In some instances, it may be desirable to include the reticle in the front focal plane so that the reticle scales in size with the target so as to not disorient the shooter. In other instances, it may be desirable to include the reticle in the rear focal plane so that the apparent size of the reticle is not changed when the image is magnified.
The present inventors have identified a need for an improved optical sighting device that combines selected features of an FFP reticle and an RFP reticle to provide enhanced features and/or flexibility for a user.
SUMMARY
Embodiments of a variable power optical sighting device according to the present disclosure comprise a sensor associated with a magnification adjustment mechanism of the sighting device to produce a signal indicative of an adjustment of the optical magnification of the sighting device. The sighting device further includes an electronic controller in communication with the sensor. The electronic controller is operable, in response to the signal produced by the sensor, to resize at least a portion of a reticle positioned proximate a focal plane of the sighting device, which reticle is viewable through an eyepiece in a field of view thereof superimposed upon an image of a distant object.
The electronic controller may continuously resize at least a portion of the reticle at the focal plane in response to the signal indicating continuous adjustments of the optical magnification. For example, the reticle may be disposed proximate a rear focal plane of a riflescope, in which an erector assembly is responsive to the magnification adjustment mechanism for magnifying the image of the object, and the electronic controller may be configured to resize the reticle at the rear focal plane so as to change the apparent size of the reticle in the field of view of the eyepiece in concert with changes in the optical magnification of the sighting device.
In some embodiments, the reticle is produced by an electronic reticle display facing a beam combiner disposed proximate the focal plane. In other embodiments, the reticle may include a transparent electronic reticle display positioned in an optical path of the sighting device at the focal plane. The electronic reticle display may comprise a pixel array for producing the reticle, such as an OLED pixel array or other pixelated display device.
In some embodiments, the electronic controller is configured to produce a first set of multiple marks on the electronic reticle display to form a first reticle pattern, such as a close-quarters reticle pattern, in response to the signal indicating a first magnification setting; and, in response to the signal indicating a second magnification setting greater than the first magnification setting, the electronic controller may remove the first set of multiple marks and produce a second set of multiple marks on the electronic reticle display to form a second reticle pattern that is distinct from the first reticle pattern. For example, the second reticle pattern may be a long-range reticle pattern, such as a sniper reticle.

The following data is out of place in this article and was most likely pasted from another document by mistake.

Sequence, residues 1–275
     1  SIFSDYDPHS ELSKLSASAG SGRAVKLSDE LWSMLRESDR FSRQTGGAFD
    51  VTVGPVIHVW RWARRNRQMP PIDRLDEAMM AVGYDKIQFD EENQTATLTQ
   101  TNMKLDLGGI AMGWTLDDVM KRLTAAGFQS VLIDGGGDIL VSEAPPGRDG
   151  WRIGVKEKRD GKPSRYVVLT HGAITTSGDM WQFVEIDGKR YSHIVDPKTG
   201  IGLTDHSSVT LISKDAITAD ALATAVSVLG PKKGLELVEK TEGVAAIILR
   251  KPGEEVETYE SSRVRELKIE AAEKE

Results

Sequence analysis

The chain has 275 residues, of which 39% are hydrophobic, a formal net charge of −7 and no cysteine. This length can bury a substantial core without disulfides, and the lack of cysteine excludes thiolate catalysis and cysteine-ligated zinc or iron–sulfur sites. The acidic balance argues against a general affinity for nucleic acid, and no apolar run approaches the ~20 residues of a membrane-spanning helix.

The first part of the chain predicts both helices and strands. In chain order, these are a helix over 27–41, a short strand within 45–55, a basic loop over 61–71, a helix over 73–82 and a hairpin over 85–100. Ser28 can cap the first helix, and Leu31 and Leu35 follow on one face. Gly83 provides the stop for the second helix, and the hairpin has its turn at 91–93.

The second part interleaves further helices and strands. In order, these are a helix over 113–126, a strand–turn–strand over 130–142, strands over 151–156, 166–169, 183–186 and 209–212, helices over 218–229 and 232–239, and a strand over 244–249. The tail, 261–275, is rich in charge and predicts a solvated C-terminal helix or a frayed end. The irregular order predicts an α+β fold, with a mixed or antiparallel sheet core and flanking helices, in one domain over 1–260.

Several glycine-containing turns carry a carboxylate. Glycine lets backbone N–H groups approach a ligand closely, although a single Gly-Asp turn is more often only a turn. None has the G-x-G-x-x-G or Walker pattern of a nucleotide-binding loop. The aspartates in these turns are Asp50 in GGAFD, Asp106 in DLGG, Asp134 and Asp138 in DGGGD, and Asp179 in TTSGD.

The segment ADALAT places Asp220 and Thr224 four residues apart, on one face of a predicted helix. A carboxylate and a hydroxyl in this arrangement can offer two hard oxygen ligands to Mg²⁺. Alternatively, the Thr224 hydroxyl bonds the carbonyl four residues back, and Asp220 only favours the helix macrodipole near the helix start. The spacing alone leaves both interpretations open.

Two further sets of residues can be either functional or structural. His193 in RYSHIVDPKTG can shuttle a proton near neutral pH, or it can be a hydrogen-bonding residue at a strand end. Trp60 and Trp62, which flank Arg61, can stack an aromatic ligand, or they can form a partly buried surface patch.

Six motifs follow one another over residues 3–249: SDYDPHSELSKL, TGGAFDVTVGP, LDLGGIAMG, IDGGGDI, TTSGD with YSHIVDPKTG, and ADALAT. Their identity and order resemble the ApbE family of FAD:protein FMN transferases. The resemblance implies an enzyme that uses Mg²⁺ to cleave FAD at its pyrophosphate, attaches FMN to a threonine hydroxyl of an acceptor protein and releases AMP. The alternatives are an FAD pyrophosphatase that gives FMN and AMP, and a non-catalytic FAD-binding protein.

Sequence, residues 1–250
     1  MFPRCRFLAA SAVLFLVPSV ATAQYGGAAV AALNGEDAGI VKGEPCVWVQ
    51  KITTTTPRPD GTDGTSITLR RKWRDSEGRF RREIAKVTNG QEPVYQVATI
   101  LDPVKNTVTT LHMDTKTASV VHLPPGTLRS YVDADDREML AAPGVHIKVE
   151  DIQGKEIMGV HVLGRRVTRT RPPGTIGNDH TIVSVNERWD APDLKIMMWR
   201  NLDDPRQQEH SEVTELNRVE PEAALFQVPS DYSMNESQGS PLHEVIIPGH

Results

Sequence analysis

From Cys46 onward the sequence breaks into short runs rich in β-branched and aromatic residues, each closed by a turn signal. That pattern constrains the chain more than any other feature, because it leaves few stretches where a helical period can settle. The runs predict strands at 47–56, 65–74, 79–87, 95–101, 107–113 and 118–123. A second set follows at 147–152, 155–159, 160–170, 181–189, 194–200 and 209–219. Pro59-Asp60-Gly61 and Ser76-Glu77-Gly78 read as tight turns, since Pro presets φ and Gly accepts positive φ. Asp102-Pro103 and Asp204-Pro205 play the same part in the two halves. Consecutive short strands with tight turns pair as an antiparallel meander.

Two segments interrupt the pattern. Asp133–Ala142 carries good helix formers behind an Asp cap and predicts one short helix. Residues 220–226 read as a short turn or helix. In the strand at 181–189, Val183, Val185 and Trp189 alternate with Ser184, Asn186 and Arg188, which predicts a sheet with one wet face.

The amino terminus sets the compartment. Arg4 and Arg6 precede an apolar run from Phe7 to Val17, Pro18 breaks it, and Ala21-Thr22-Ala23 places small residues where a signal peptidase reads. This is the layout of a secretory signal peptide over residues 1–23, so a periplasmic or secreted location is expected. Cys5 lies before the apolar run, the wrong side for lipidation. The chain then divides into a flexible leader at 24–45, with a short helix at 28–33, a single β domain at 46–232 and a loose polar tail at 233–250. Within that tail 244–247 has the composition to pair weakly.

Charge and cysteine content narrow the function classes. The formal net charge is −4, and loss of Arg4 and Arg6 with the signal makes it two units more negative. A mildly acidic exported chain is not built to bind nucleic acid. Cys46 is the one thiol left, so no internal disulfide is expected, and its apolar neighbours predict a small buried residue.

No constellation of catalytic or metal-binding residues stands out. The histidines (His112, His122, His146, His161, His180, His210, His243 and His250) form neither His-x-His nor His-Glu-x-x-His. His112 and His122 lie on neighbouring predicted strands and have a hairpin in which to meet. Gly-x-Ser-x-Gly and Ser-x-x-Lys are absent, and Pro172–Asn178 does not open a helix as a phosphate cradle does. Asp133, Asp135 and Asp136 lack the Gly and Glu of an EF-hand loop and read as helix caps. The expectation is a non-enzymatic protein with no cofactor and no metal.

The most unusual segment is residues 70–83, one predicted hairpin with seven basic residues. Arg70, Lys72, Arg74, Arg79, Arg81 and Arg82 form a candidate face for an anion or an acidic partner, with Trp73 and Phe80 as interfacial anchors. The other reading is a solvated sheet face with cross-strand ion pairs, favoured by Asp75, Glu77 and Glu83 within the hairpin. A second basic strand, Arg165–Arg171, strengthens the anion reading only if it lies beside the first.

In some embodiments, three or more different reticle patterns may be produced in response to adjustment of the optical magnification to three or more different settings or ranges of settings.
Any number of reticle patterns may be stored on a memory associated with the electronic controller. The number of reticle patterns that change size congruent with magnification changes may also vary. Also, the different reticle patterns displayed may be user-selectable and/or user-definable (i.e., customizable).
Additional aspects and advantages will be apparent from the following detailed description of preferred embodiments, which proceeds with reference to the accompanying drawings.
BRIEF DESCRIPTION OF THE DRAWINGS
FIG. 1 is a side schematic view of a riflescope according to one embodiment;
FIG. 2 is front view of a beam-combiner of the riflescope of FIG. 1;
FIG. 3 is a partial side section elevation of an eyepiece end of a riflescope in accordance with the embodiment of FIG. 1;